Microsoft Office Tutorials and References
In Depth Information
Keeping Tabs…on a New One
The suspicion was that too many users mistook this button for nothing more than an inert logo
when they first saw it, and not as the repository of important commands it actually was (my wife, a
moderately experienced user, tells me it took her ages to figure out what the button did). In any case,
click the 2010 File tab and this time you won’t r oll out one more array of buttons atop your screen;
instead, you’ll see something like Figure 1–16:
Figure 1–16. All buttoned up: How the 2010 File menu looks
Clicking File, the rough—very rough—equivalent of the pre-2007 menu bar command with the
same name can bring you to a number of notable destinations gathered in what’s called the Backstage:
For starters, it presents you with a list of recently accessed spreadsheets, so you
can swiftly retrieve them again.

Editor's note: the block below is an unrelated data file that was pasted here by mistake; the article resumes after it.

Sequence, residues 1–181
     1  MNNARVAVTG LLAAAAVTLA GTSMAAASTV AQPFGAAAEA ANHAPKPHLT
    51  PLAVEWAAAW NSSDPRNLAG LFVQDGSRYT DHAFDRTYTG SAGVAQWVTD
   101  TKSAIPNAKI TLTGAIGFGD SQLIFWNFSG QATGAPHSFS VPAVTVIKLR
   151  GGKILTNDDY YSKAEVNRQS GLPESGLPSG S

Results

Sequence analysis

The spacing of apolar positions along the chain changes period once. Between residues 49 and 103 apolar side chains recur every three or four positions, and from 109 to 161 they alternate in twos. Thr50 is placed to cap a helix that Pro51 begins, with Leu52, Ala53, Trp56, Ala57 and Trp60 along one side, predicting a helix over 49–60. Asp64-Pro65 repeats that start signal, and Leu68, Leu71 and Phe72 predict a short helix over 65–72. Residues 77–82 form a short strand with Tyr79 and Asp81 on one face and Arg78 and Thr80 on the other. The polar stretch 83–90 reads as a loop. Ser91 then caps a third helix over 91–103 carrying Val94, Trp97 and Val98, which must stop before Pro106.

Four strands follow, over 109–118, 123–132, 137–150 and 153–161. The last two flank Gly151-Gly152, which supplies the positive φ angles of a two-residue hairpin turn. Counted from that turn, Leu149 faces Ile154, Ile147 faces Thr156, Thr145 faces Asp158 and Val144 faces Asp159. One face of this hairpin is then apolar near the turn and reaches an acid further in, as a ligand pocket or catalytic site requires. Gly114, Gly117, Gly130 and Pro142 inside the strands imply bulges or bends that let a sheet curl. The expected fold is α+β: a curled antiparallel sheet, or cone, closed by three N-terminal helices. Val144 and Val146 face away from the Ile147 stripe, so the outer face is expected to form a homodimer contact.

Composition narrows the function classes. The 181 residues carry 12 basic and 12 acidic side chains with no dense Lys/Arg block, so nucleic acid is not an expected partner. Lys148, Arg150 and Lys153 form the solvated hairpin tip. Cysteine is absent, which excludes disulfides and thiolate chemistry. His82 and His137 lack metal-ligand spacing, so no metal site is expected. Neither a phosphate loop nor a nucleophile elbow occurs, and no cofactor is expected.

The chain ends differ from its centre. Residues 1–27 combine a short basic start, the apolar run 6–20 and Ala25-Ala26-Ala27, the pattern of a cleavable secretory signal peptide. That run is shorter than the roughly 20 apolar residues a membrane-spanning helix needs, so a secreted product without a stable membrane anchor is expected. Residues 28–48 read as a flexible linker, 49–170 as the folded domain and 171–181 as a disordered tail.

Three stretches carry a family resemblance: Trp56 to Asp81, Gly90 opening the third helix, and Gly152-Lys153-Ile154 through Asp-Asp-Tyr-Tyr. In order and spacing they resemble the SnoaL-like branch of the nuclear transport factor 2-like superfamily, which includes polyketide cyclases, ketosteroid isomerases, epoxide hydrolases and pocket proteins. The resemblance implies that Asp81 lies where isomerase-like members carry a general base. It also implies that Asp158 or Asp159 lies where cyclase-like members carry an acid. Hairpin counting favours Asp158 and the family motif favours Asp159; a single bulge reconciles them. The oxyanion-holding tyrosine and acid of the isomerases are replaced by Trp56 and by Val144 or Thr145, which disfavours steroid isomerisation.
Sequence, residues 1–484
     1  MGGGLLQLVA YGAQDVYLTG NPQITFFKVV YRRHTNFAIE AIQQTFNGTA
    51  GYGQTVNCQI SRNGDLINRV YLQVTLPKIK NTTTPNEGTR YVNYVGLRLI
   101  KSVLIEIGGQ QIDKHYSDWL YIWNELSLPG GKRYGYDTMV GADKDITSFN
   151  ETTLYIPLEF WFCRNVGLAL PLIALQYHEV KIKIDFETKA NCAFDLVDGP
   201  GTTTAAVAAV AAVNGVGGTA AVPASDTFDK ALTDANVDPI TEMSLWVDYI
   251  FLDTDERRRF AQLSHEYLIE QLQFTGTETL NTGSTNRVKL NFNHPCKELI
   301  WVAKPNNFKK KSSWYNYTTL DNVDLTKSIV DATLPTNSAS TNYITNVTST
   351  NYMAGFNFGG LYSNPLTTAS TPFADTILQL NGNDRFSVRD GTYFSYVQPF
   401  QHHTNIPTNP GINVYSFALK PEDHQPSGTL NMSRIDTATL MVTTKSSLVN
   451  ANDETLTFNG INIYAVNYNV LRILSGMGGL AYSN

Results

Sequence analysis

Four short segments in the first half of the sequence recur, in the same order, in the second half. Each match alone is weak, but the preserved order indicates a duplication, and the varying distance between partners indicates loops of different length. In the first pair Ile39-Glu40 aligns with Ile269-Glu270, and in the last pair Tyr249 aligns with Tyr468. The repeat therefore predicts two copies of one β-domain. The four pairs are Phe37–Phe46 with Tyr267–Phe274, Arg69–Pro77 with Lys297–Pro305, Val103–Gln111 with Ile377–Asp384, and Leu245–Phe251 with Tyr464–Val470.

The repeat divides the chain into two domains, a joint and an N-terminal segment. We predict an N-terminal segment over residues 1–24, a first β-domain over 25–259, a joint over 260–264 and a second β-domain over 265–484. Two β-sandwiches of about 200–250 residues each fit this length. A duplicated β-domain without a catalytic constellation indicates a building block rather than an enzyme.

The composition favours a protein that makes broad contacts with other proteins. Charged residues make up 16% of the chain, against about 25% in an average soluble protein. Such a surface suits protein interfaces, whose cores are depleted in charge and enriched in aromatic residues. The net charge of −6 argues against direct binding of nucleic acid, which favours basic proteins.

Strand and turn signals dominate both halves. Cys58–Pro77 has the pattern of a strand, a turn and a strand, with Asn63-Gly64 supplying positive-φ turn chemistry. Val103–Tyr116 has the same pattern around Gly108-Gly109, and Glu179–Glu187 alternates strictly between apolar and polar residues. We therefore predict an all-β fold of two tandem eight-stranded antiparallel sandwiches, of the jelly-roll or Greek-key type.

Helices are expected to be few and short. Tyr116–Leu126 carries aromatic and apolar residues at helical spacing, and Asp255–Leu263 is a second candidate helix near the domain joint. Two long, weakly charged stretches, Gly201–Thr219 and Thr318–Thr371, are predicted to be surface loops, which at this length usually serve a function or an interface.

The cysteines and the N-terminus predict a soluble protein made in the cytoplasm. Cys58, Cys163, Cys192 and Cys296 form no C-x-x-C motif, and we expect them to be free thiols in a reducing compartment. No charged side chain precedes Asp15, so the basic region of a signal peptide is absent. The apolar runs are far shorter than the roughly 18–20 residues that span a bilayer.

It offers up basic Office commands that affect files, such as Open, Save, Save As,
and Close.
It warehouses various printing options.
It contains numerous default settings, e.g., the typeface and font size in effect
when you start any new spreadsheet. Of course, the defaults are there to be
changed, as you see fit. For example – if you want to change Excel’s default font,
cl i ck Fi l e Options General, and then enter the appropriate font and font size
choices in the dr op-down menus.
It furnishes Excel’s Help component.
And File allows you to customize your ribbon in a variety of ways, either by enabling you to
fashion new groups you can then post inside the existing tabs (quick review: groups are the
subdivisions of tabs) or freeing you to customize new tabs altogether, by selecting, grouping, and
subsumi n g comman ds un de r a n e w tab n ame of y our de v i si ng .
 
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